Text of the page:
Statuette of Lady Thuya

The statuette of Thuya is carved from two species of wood that the Egyptians imported from the south – shea wood for the base, and African grenadilla for the lady herself. There are offering formulae on the back pillar and the base, dedicated to Osiris, Isis and “all the Gods who are in the West (necropolis)”.

In the afterlife, Thuya was thus expected to enjoy the food and floral offerings adorning the front of the base. Thuya is portrayed standing, with her left foot forward and her right arm by her side; the perforation in her right hand suggests that she once held an object, perhaps a floral scepter. With her left hand, she clasps a menat necklace (a tool of her office) between her breasts.

Statuette of Lady Thuya
Statuette of Lady Thuya. Photo: Christian Décamps

The dedication to the great gods of the necropolis and the food offerings engraved on the base suggest that this statuette featured among the grave goods in Thuya’s tomb. The text and offerings guaranteed her survival and protection in the afterlife.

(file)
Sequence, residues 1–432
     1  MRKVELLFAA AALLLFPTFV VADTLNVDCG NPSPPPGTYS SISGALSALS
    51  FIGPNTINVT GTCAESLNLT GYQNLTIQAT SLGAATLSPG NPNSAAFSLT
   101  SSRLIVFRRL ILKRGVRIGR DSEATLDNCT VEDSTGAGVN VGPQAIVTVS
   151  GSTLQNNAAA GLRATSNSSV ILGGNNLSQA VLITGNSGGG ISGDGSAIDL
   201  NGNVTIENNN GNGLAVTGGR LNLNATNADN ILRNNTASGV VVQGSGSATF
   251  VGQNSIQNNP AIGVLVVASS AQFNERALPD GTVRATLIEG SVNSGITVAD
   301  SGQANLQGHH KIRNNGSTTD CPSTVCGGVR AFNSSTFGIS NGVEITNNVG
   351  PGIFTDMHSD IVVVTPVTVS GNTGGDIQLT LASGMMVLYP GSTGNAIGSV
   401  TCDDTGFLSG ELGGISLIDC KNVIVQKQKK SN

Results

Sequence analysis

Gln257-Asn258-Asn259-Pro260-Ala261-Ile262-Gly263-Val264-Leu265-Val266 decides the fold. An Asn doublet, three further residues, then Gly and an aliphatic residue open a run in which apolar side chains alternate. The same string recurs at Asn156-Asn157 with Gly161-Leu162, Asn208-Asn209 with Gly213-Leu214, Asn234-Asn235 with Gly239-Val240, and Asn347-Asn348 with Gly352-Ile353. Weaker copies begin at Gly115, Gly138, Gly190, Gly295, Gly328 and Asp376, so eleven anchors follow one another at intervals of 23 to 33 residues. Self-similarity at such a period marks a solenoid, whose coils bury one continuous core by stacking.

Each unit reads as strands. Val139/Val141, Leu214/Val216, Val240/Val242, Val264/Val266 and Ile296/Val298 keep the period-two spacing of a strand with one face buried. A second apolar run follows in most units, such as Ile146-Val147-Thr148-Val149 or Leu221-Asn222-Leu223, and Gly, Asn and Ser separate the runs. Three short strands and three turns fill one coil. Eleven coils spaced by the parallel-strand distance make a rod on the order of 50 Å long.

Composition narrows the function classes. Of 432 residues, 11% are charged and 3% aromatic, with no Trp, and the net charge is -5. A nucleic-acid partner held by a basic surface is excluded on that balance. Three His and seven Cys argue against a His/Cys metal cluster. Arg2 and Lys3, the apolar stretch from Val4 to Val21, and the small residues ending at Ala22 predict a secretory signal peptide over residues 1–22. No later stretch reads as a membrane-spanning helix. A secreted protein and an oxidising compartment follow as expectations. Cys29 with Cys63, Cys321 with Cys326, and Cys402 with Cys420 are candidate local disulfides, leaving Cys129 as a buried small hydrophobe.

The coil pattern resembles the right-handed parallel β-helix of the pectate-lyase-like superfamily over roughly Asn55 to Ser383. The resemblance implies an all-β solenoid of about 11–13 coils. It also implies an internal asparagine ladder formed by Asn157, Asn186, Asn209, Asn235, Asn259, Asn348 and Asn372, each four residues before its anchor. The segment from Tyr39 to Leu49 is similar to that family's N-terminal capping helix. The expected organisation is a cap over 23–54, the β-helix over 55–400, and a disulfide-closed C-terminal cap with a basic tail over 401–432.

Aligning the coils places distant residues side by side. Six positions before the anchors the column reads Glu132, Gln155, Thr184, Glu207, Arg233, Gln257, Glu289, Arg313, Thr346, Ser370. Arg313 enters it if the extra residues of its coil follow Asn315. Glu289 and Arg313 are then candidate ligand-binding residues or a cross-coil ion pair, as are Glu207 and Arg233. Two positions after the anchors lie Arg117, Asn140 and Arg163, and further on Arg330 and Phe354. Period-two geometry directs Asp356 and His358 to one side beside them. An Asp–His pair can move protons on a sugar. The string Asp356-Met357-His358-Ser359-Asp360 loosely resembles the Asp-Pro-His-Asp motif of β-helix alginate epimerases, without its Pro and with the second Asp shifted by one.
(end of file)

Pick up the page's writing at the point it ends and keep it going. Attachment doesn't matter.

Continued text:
Thuya or Tjuyu was an Egyptian noblewoman and the mother of queen Tiye, and the wife of Yuya. She is the grandmother of Akhenaten, and great grandmother of Tutankhamun.

Thuya was a Chantress of Min, and superior of his harem; she was thus an important person in Akhmim (the god’s cult center) and in Thebes (the capital city, where Min was associated with the dynastic god Amun).

New Kingdom, 18th Dynasty, reign of Amenhotep III, around 1375 BC. Now in the Louvre, Paris. E 10655